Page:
x
     
  6. Doesn't seem to be much of a problem at my primary school. But then again, we are in Wales and we've only just got colour telly and sliced bread.
    Reminds me of an incident that occured last year. A couple of children came to tell me that two boys in year 6 had mobile phones on the yard and were texting each other. So off I set to track them down only to find them looking red faced and guilty as they saw me approach. They looked so incredibly shifty as they deposited their mobiles in my hand that I felt that I had to check out what they'd been up to. (I await the bleeding heart liberal sermon about privacy and rights with baited breath) Weirdly enough, there were no texts in the outbox, so I had a quick look in the pics and videos.
    What they'd actually been sending to each other was hardcore **** vids! The most recently viewed was appetisingly titled ' Anal Antics' and featured ... well, I'm sure you can guess. Anyway, after retiring to my office to view the video a few dozen times just to check it was indeed what the title suggested, I then had a think about what I was going to do.
    I won't tell you what I did .... yet. Maybe other people would like to suggest what you might have done about the incident. [​IMG]
    I've started a blog recently and I think I'll write about this in full another time. But, in the meantime, I'd love to know how different people would handle things in different ways.
     
  7. The idea of theft only being "permanent deprivation" seems strange. I "borrowed" next door's Ferrari, only for the weekend. I'm glad it was not theft. In fact I might take it every weekend now that I know it's not theft. Btw, do teachers confiscate each others' phones if they go off in staff meetings? Or is that different?
     
  8. No, but generally, teachers have good grace and manners to turn the things off. Although that's not always the case!
     
  9. Quite agree. Perhaps it's part of our job to teach children to have good grace and manners? Could provide ofsted with a new stick to beat us with... more than 3 phones seen in a school = Inadequate. The sad thing is, as usual, the point is being missed, big time. Within a very short time, we will have worked out how to use this and other "new"technology as a tool for teaching and learning. Then, I suppose, children will be punished for not having their phones with them. Strange world, isn't it.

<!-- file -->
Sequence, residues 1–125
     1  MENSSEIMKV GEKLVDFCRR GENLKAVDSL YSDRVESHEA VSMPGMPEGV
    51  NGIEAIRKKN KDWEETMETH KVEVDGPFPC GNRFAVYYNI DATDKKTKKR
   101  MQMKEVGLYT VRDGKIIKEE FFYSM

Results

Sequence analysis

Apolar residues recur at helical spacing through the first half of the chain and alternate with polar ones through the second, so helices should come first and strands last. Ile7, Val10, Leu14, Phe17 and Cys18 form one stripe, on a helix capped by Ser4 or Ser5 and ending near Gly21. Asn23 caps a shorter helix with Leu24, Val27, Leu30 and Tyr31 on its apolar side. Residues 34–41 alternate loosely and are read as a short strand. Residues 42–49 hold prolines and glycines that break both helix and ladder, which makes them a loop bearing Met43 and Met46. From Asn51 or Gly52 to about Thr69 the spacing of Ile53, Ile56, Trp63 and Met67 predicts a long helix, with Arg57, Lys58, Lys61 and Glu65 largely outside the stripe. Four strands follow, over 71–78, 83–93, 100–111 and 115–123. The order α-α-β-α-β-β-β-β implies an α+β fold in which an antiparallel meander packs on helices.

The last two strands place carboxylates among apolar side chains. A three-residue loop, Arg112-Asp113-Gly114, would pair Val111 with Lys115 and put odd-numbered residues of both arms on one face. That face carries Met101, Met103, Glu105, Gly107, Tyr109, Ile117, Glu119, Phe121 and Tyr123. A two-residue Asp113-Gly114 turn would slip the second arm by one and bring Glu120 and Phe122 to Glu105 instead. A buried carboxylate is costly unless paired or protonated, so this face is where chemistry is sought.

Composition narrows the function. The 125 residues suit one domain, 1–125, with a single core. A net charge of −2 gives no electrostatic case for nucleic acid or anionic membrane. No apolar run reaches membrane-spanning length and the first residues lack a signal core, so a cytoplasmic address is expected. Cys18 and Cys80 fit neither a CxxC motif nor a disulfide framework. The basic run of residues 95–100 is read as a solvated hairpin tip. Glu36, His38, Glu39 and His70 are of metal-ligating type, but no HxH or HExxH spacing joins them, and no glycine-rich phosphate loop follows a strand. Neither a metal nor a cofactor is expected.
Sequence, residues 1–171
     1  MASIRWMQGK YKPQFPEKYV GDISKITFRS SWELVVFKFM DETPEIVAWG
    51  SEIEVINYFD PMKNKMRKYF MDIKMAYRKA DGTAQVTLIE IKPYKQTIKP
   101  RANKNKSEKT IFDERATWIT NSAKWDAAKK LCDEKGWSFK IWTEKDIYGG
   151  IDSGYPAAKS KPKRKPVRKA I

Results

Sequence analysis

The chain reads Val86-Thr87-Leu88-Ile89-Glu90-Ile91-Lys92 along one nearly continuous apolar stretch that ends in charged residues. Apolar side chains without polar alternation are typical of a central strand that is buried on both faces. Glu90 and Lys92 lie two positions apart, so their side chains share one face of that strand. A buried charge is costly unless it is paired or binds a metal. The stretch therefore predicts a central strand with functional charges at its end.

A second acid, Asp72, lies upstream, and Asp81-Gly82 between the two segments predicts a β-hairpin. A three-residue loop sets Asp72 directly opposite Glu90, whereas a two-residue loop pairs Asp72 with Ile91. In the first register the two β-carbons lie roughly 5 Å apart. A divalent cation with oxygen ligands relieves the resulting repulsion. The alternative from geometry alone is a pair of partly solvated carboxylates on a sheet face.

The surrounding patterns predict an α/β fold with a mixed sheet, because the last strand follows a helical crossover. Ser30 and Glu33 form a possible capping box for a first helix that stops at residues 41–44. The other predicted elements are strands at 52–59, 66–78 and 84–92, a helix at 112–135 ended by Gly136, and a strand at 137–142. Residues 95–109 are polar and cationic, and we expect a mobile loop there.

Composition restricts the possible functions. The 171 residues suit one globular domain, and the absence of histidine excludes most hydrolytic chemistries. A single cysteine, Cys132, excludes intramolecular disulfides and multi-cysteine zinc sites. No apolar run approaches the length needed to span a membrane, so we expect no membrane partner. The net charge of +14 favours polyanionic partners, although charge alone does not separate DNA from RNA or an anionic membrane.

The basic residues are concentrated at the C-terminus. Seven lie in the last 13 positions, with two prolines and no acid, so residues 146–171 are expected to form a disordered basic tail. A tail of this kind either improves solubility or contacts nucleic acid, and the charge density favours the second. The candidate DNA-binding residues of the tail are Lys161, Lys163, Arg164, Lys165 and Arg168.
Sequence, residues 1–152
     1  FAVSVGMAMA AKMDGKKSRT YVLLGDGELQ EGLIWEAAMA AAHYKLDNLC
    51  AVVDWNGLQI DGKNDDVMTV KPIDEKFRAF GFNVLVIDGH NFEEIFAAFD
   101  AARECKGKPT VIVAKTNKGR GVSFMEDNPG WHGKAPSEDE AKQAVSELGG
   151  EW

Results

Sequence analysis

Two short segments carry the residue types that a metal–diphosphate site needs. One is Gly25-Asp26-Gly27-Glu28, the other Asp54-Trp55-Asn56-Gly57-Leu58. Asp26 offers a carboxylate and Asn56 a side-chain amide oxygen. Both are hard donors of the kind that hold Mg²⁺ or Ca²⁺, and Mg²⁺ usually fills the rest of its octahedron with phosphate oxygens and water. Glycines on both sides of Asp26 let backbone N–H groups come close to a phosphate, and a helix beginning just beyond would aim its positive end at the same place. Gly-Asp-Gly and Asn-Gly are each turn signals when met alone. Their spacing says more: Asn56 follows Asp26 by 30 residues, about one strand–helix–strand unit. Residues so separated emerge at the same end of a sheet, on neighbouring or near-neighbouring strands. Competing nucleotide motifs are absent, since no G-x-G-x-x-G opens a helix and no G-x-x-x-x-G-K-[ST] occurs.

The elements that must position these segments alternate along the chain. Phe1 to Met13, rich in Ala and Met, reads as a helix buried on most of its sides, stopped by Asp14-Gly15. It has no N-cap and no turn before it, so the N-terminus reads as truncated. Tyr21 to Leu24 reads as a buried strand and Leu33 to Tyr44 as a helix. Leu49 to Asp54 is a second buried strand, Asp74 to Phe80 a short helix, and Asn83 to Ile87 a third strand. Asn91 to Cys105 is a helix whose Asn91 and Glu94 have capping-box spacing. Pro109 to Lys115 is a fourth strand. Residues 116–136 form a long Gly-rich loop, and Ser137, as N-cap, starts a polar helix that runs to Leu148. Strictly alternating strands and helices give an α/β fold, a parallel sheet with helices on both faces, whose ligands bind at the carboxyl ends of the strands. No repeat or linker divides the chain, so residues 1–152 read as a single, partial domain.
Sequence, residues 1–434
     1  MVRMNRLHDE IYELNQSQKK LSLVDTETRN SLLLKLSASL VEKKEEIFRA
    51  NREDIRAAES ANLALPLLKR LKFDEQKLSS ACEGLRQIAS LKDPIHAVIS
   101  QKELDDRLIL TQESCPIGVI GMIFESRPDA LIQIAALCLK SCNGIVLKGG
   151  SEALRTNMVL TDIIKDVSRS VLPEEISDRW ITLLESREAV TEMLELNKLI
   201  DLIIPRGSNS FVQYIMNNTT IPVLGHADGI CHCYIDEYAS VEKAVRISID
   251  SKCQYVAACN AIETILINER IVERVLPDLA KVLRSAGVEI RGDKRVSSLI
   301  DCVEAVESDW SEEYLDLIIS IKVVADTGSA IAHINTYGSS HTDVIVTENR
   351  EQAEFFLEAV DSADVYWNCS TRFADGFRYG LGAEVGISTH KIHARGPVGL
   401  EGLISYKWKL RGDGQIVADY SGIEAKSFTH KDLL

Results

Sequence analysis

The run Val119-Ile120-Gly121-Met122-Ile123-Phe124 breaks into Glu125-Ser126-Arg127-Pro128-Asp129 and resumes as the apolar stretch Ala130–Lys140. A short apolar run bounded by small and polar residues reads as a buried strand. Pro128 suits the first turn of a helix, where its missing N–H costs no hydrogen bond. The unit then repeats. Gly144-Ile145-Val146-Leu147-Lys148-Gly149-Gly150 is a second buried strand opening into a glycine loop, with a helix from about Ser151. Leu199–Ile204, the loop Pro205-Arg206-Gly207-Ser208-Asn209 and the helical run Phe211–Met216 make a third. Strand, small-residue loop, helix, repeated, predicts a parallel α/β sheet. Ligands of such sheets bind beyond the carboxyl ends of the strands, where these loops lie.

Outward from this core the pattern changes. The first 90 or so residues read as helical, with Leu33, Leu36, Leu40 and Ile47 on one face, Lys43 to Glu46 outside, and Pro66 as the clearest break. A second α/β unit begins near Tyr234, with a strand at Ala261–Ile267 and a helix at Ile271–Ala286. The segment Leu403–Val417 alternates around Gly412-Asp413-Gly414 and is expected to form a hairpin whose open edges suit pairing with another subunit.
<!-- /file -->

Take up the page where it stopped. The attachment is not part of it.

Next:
10. I think willowisp make an excellent point. We already allow limited use of mobile phones for filming as appropriate.
    However, to clear up the discussion about what is and is not legal in terms of confiscation can i please refer you to the 2006 Education Act
    Confiscation from pupils
    94 Defence where confiscation lawful
    (1) This section applies where, as a disciplinary penalty—
    (a) an item which a pupil has with him or in his possessions is seized, and
    (b) the item is retained for any period or is disposed of.
    (2) A person who seizes, retains or disposes of the item is not liable in any
    proceedings in respect of—
    (a) the seizure, retention or disposal (as the case may be), or
    (b) any damage or loss which arises in consequence of it,
    if he proves that the seizure, retention or disposal (as the case may be) was
    lawful (whether or not by virtue of section 91).